Cormac Cullinan is an author, practicing environmental attorney and governance expert who has worked on environmental governance issues in more than 20 countries. He lives in Cape Town, South Africa and is a director of a specialist environmental and green business law firm (www.cullinans.co.za) of the governance consultancy, EnAct International (www.enact-international.com ), and of the Wild Law Institute. His groundbreaking book “Wild Law A Manifesto for Earth Justice” has played a significant role in informing and inspiring a growing international movement to recognize rights for Nature. In 2008 he was included in Planet Savers. 301 Extraordinary Environmentalists, a book that profiles environmentalists throughout history. At the invitation of Bolivia, Cormac spoke at the 2009 Climate Change Conference in Copenhagen and led the drafting of the Universal Declaration of the Rights of Mother Earth which was proclaimed on 22 April 2010 by the People’s World Conference on Climate Change and the Rights of Mother Earth in Bolivia. In September 2010 he played a leading role in establishing a Global Alliance for the Rights of Nature and currently sits on the Executive Committee of the Alliance.

Tom Goldtooth, Indigenous Environmental Network (IEN) – Indigenous Leadership – ienearth.org/

Tom BK Goldtooth,  Dine’/Dakota, United States is the Executive Director of the Indigenous Environmental Network, an international indigenous NGO based in Bemidji, Minnesota near the border of United States/Canada. A social change maker within the Native American community for over 36 years, has become an internationally renowned environmental, Climate and economic justice leader, working with many Indigenous People and social movements around the world. Tom co-produced the award-winning documentary, Drumbeat for Mother Earth, which addresses the effects of bio-accumulative chemicals on indigenous people. Co-founder of the Global Alliance for the Rights of Nature. Nationality: United States.  President of the Fourth Rights of Nature Tribunal in Bonn, Germany.

Natalia Greene – CEDENMA (cedenma.org), South America

Natalia Greene is part of the International Rights of Nature Tribunal’s Secretariat.  She was actively involved in the recent Constitution process in Ecuador, particularly with the ‘Rights to Nature’ clause and the role of civil society and indigenous people in the process. Natalia is a consultant for Rights of Nature with Pachamama Alliance and is the focal point in Ecuador for the Global Alliance for the Rights of Nature. She graduated in Hampshire College, holds a Political Science master’s degree from FLACSO Ecuador and a master’s degree from UASB on Climate Change. She promoted the recognition of Rights for Nature in Ecuador’s Constitution and has worked on the environmental and indigenous aspects of the Yasuní-ITT Initiative to keep oil underground in the Amazon. From 2011 until 2013, Natalia Greene was the President of CEDENMA, the National Coordinating Entity for Environmental NGO’s, now re-elected for the 2018-2020 period. Nowadays she coordinates the Climate Justice National Platform and works with Terra Mater and Fundación Pachamama.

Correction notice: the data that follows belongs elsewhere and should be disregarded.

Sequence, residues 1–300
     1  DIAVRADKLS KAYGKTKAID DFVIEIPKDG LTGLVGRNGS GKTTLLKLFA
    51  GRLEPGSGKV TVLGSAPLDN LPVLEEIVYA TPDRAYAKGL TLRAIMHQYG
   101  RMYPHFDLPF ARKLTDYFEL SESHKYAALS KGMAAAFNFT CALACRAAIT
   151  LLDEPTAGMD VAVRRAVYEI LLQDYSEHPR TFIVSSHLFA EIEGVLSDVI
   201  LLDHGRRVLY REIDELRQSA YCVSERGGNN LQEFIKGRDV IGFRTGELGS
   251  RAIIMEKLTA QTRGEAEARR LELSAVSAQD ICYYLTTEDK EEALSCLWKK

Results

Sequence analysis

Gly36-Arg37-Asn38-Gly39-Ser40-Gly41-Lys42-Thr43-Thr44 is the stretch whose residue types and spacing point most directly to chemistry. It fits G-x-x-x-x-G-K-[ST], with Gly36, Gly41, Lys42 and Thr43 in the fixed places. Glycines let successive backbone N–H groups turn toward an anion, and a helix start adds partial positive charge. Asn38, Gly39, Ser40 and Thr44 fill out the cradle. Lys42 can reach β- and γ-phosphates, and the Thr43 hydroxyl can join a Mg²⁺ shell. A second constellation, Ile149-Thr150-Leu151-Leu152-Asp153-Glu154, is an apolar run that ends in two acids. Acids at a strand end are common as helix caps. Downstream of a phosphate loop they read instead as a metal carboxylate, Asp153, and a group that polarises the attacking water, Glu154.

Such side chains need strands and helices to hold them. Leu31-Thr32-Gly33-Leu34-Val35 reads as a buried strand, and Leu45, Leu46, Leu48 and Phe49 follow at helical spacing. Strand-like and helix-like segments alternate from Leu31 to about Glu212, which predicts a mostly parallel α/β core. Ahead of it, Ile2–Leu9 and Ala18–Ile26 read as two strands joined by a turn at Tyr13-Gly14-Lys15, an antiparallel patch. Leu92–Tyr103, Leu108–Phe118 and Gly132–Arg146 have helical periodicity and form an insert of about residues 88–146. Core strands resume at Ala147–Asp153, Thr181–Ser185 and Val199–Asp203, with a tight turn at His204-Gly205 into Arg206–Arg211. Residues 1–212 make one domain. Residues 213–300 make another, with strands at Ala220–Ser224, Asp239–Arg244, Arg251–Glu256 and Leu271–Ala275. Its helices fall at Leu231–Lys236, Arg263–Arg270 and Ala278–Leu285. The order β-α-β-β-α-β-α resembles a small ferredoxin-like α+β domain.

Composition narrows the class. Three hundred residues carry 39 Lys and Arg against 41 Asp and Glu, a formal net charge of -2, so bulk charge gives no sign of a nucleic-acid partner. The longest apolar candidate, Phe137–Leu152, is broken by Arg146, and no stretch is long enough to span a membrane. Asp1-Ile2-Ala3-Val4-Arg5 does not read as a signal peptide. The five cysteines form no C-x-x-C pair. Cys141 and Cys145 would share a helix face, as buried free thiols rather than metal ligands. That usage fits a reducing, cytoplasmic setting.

Osprey Orielle Lake – Women’s Earth and Climate Action Network -WECAN (wecaninternational.org), United States of America, North America

Osprey Orielle Lake is the Founder and Executive Director of the Women’s Earth and Climate Action Network (WECAN). She works nationally and internationally with grassroots and Indigenous leaders, policy-makers and scientists to mobilize women for climate justice, resilient communities, systemic change and a just transition to a clean energy future. Osprey serves on the Executive Committee for the Global Alliance for the Rights of Nature and is the visionary behind the International Women’s Earth and Climate Summit, which brought together 100 women leaders from around the world. She directs WECAN’s advocacy work in areas such as Women for Forests, Divestment/Investment, Indigenous Rights, Rights of Nature and United Nation Climate Conferences. Osprey is the author of the award-winning book, Uprisings for the Earth: Reconnecting Culture with Nature. www.wecaninternational.org

Samanta Novella, Nature Rights, naturerights.com/blog/, France

Samanta Novella lives in Paris. She is French and was raised in Paraguay. She is the director of the NGO NatureRights and an artistic director. She gives a lot of time and energy to the End Ecocide movement, helping to organize, fund and promote our public events, as she truly believes that the recognition of the crime of ecocide will help to protect the rights of nature. She is very grateful for this initiative and proud of NatureRights for being a partner of such a movement. She was a key ally in the organization of the Third International Rights of Nature Tribunal in Paris, France.

Alessandro Pelizzon – Australia